It is often overlooked. How do clinicians diagnose mental illness without knowing what it is to be normal? This is not a trivial question. Defining normalcy is a central issue in the training of psychologists. Researchers focus on symptoms that reliably differentiates normal from abnormal functioning. It is the path of least resistance to dwell on symptoms, since through the use of informants, the researcher may obtain some degree of objectivity. What is overlooked, for the sake of objectivity, is what normality actually feels like to those who experience this state. Unfortunately, the feeling of being in a normal state of mind is hopelessly subjective.
People who are labeled as mentally ill often comment that they just want to be “normal like everyone else.” Like looking over the fence into the neighbor’s yard, people imagine the thoughts and emotions of others. Implicit assumptions are made with a minimum of data. It is often assumed that a labile (roller-coaster) mood is a sure sign of mental illness. Patients often assert that they are more tense and anxious than normal people. Everyone knows that seeing bugs that aren’t there definitely means one is crazy. This could be termed a trinity of assumptions regarding normal people; that they are less moody, less tense, and never experience hallucinations.
There is some truth to the trinity, but more often than not, it serves as an ideal that is always out of reach. Most people seriously under appreciate the degree to which normal people suffer with low moods, anxiety and transient hallucinations. A large distinction is that for normal people, these symptoms ebb and flow, whereas for the mentally ill, these states of mind merely continue to flow. Stated another way, normal people suffer low moods and anxiety states. It surprises many people to learn that most normals experience transient hallucinations. Large well-controlled studies of average people reveal how often they experience bizarre sensory phenomenon. Almost on a weekly basis, the average person is prone to experience a bug crawling on their skin or up a wall, only to have it disappear when they look again. If the bug disappears when they again look, psychologists call this normal, if they multiply when the person takes another peek, then we label these unfortunates as psychotic.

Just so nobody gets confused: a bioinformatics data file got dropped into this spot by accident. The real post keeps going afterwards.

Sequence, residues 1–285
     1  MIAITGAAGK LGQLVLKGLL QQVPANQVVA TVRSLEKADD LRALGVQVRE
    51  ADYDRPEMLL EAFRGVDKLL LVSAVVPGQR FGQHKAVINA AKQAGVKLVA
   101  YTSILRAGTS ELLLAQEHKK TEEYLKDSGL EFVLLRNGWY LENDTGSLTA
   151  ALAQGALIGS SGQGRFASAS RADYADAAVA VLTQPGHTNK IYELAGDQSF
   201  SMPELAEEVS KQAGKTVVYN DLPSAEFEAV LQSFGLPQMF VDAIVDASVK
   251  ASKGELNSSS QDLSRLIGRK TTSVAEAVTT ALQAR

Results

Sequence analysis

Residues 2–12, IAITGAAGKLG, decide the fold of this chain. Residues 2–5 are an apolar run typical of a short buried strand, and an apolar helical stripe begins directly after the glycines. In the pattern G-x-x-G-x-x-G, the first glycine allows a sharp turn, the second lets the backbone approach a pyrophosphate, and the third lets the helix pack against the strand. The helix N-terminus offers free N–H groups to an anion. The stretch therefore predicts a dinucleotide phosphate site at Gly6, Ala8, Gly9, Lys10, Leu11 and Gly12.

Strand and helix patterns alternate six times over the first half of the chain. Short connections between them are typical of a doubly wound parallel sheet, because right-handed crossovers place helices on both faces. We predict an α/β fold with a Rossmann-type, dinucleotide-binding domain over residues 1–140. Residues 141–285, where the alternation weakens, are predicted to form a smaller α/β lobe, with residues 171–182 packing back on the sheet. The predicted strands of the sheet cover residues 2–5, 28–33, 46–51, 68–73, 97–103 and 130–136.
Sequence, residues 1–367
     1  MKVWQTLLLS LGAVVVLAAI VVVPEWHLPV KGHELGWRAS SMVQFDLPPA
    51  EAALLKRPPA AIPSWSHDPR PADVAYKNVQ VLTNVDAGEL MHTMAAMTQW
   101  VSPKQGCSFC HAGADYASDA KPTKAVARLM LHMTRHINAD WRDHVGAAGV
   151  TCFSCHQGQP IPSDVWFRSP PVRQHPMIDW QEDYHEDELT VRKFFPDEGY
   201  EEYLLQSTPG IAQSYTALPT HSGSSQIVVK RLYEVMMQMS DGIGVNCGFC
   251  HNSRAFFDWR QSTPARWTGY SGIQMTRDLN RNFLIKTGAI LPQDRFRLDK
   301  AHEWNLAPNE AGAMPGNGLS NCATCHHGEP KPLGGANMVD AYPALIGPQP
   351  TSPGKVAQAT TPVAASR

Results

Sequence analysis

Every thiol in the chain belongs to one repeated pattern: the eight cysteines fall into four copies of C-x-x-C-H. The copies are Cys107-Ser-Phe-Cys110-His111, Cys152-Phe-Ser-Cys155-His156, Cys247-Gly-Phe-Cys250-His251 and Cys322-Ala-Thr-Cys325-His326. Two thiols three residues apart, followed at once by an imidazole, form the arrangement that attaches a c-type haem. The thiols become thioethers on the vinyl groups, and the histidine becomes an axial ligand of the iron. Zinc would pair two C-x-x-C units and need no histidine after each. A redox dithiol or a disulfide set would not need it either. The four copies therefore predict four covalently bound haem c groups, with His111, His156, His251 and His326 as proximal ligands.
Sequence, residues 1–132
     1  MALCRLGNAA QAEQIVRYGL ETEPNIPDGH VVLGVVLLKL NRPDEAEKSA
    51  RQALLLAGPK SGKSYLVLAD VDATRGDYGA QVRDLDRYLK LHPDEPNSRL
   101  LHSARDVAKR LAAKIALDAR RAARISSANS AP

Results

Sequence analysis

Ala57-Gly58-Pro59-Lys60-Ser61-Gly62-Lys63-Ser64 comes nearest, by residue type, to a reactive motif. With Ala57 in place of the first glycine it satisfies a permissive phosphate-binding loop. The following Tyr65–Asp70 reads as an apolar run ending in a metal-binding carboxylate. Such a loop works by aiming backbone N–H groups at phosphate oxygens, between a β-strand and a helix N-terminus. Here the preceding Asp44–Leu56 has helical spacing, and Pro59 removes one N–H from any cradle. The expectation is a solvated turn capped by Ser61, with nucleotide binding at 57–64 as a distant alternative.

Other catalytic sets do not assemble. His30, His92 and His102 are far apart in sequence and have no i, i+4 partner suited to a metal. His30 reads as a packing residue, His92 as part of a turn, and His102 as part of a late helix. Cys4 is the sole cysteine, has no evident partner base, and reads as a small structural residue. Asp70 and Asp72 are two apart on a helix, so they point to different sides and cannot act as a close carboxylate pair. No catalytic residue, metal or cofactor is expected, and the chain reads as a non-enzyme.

Do not be deceived as to what normal people experience. Normalcy is not an ideal state of being, often imagined as being in a good mood and free of tension. If this were the average state of the individual, most would never be motivated to leave their homes. Tension drives behavior. Tension is interwoven with life and abandons us at our death. It is a river that needs to be channeled, not dammed into a confined space. Similarly, bad moods are inescapable, yet they also may be a vector for change. Research into the sensory experiences of normal people should convince us that we are all a little crazy. Psychotherapy is typically more effective and rapid when the patient entertains realistic goals. The ideal of the normal person is often a fantasy, and it may drive people towards emotional goals that are impossible to obtain.